With the emergence of free and open source software (F/OSS) projects (e.g. Linux) as serious contenders to well-established proprietary software, advocates of F/OSS are quick to generalize the superiority of this approach to software development. On the other hand, some well-established software development firms view F/OSS as a threat and vociferously refute the claims of F/OSS advocates. This article represents a tutorial on F/OSS that tries objectively to identify and present open source software's concepts, benefits, and challenges. From our point of view, F/OSS is more than just software. We conceptualize it as an IPO system that consists of the license as the boundary of the system, the community that provides the input, the development process, and the software as the output. After describing the evolution and definition of F/OSS, we identify three approaches to benefiting from F/OSS that center on (1) the software, (2) the community, and (3) the license respectively. Each approach is fit for a specific situation and provides a unique set of benefits and challenges. We further illustrate our points by refuting common misconceptions associated with F/OSS based upon our conceptual framework.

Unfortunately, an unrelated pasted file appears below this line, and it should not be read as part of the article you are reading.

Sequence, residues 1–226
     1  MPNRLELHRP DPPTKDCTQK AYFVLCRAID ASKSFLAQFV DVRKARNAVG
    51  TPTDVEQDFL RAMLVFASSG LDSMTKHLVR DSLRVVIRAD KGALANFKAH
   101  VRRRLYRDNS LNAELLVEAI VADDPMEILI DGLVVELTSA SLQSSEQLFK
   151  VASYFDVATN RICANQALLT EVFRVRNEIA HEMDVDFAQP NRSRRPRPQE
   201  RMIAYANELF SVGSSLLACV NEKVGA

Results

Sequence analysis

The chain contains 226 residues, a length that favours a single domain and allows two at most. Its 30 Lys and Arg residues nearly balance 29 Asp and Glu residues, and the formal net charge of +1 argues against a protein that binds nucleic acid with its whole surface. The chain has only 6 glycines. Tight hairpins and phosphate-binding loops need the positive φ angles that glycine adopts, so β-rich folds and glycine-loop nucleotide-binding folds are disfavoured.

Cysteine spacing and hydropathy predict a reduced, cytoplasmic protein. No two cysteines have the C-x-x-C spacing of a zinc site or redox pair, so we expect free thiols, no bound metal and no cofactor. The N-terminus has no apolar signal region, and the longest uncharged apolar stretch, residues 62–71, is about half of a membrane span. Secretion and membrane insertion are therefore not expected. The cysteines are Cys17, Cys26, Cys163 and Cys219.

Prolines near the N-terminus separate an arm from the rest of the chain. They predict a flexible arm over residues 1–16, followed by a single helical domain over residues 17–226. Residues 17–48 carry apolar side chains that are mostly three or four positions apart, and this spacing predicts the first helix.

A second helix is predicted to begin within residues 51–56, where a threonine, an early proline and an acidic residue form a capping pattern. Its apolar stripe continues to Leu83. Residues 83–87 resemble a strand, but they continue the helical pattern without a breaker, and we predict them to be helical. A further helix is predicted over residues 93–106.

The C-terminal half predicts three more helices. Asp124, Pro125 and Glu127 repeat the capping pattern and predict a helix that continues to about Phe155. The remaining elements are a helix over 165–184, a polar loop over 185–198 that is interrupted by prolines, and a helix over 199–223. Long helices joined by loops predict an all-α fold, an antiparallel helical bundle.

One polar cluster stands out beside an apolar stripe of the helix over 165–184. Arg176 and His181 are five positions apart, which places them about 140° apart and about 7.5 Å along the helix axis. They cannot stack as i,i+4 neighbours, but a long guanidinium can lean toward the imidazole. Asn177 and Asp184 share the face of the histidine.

AlMarzouq, Mohammad; Zheng, Li; Rong, Guang; and Grover, Varun
"Open Source: Concepts, Benefits, and Challenges,"
Communications of the Association for Information Systems:
Vol. 16, Article 37.
Available at: http://aisel.aisnet.org/cais/vol16/iss1/37